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Ferrero's Talent Is One for the Ages

April 15, 1998|ERIC SONDHEIMER

To fully appreciate how hard 14-year-old Elena Ferrero throws a softball, it's best to go back in time to when she was in sixth grade.

"There was this old friend I had," Ferrero recalled. "She was trying to catch me. Everyone was telling her how good she was doing. At the end, I saw her go off to the corner. She took off her glove and the whole palm of her hand was bruised. I felt so bad."

Christina Enea, a freshman catcher at El Camino Real High, remembers her first experience catching a 12-year-old Ferrero.

"I didn't think at that age anyone could throw the ball so hard," Enea said.

Ferrero's velocity keeps rising, requiring catchers to wear a palm guard or sponge in their glove to avoid receiving a Ferrero tattoo.

The good news for high school hitters is that Ferrero is an eighth-grader at Harvard-Westlake Middle School. The bad news is that by next spring, when she makes her high school debut, there's no telling how dominant a pitcher she will be.

"She's probably the top 14-and-under pitcher in the country," said Bob Vanderberg, a former pitching coach at Cal State Northridge who tutors Ferrero. "She's got speed, hits spots and her ball moves."

Ferrero's pitches have been clocked as fast as 61 mph. Top college pitchers throw in the 65 mph range.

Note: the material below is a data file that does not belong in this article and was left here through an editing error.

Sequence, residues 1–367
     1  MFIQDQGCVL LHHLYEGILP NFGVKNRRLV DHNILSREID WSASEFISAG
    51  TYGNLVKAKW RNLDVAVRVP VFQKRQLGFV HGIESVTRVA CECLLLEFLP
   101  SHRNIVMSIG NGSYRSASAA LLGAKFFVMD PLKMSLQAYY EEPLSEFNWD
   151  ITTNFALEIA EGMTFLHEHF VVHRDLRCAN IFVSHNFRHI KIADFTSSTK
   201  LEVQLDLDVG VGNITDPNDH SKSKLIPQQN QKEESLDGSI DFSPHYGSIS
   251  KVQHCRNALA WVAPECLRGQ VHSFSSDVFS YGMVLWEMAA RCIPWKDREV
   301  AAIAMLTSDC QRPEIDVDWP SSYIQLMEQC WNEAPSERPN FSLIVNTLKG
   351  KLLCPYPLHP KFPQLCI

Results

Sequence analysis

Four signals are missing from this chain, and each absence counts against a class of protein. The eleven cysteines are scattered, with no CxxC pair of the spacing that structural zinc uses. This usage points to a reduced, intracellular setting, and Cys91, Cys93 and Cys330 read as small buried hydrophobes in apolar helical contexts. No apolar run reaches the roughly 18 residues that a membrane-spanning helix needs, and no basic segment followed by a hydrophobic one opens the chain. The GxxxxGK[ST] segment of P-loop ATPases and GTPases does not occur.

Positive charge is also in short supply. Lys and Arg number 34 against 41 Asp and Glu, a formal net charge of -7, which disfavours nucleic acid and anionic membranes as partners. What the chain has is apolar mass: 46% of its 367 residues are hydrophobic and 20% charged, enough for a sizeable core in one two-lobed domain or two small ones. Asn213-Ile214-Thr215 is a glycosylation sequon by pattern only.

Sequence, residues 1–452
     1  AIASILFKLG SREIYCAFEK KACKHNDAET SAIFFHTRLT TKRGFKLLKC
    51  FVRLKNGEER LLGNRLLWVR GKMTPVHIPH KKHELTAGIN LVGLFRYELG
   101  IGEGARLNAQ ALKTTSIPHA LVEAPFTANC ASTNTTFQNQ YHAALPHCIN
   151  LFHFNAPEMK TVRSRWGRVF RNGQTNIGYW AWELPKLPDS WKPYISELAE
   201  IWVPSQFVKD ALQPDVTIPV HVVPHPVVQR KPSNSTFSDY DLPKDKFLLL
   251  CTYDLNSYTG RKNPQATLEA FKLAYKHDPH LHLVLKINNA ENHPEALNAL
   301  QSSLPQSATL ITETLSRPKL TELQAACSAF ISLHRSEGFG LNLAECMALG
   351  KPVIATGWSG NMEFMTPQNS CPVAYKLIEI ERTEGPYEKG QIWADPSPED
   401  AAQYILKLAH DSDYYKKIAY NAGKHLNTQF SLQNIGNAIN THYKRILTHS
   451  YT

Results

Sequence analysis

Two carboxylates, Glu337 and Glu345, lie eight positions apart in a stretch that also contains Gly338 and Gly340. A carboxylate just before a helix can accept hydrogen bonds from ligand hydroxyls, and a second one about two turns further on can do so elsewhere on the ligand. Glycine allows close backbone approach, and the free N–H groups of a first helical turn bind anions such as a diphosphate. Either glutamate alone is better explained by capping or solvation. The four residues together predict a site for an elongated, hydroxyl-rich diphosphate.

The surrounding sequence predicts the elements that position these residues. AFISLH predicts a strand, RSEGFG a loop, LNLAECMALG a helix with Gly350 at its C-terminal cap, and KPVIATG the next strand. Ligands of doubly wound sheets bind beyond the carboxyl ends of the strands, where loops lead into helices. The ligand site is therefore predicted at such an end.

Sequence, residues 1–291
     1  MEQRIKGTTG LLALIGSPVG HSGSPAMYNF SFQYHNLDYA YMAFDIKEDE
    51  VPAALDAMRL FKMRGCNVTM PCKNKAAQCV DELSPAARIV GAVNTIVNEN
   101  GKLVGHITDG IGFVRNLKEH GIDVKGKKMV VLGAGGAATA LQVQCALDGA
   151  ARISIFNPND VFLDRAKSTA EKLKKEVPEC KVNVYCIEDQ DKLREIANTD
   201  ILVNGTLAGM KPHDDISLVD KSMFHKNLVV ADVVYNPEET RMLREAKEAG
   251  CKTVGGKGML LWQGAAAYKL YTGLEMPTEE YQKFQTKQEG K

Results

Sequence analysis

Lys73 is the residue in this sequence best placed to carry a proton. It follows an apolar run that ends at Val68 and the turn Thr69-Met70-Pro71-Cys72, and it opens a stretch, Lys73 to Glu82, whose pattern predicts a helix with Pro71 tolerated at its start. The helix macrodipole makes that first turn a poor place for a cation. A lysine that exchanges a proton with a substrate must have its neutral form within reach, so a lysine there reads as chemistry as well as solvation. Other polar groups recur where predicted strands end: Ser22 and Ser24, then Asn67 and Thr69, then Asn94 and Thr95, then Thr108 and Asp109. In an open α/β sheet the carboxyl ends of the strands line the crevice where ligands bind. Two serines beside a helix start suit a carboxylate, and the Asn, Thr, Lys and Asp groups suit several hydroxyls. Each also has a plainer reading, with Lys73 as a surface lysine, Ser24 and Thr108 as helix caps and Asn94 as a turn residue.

"She'll be right there with the best of them at the college level if she keeps improving," Vanderberg said.

Ferrero pitched the Stealth club team to an American Softball Assn. national championship in 1996 for 12-and-under. She's a member of the Panthers Gold 14-and-under club team that is ranked No. 1 nationally.

She has been playing softball since she was 10, but sports has been part of her life seemingly forever. That's what happens when your father is Chuck Ferrero, the Valley College athletic director and former football coach. Her twin brothers, 12-year-olds Nick and Mike, play football and baseball.

"They grew up on the sidelines," Chuck said.

The twins cheer loudly for their older sister at games, but when they're together, arguing usually breaks out. Elena is 5 feet 6; the brothers are 5-4 and growing fast.

"If they [the twins] get feisty, she turns on them and they know they got trouble," Chuck said.

Said Nick: "One-on-one, she'll kick our butt. But we can take her together."

Elena is so committed to softball that even on her two-week spring break, she was practicing. Asked when she last had a weekend off, Ferrero didn't have an answer. She plays games every Saturday and practices the rest of the week.

She has traveled to Arizona, Florida, Illinois, Washington and Oklahoma for club games. Besides pitching, she's also an outstanding shortstop.

"I'm not the kind of person who likes to sit around," she said. "I always have to be doing something. I don't like sitting and watching TV all day."

She has seven pitches in her repertoire--riseball, curve, drop, fastball, change, screwball and drop curve.

"I don't like it when someone gets a hit," she said.

She realizes she can't be perfect every game, but it doesn't stop her from trying. How good is she?

What other pitcher can tell a reporter with a straight face, "I think I haven't walked anybody in a few weeks."

The region has produced its share of elite softball pitchers in recent years, from Nancy Evans (Hoover, Arizona) to Sara Griffin (Simi Valley, Michigan) to Jamie Gillies (Saugus, Michigan).

One day, Ferrero is going to join them.

Her tougher task will be keeping her twin brothers in line.

"It's getting a little harder because they're getting real big," Elena said.

But they'll probably never hit her fastball, just like most boys or girls.


Eric Sondheimer's local column appears Wednesday and Sunday. He can be reached at (818) 772-3422.

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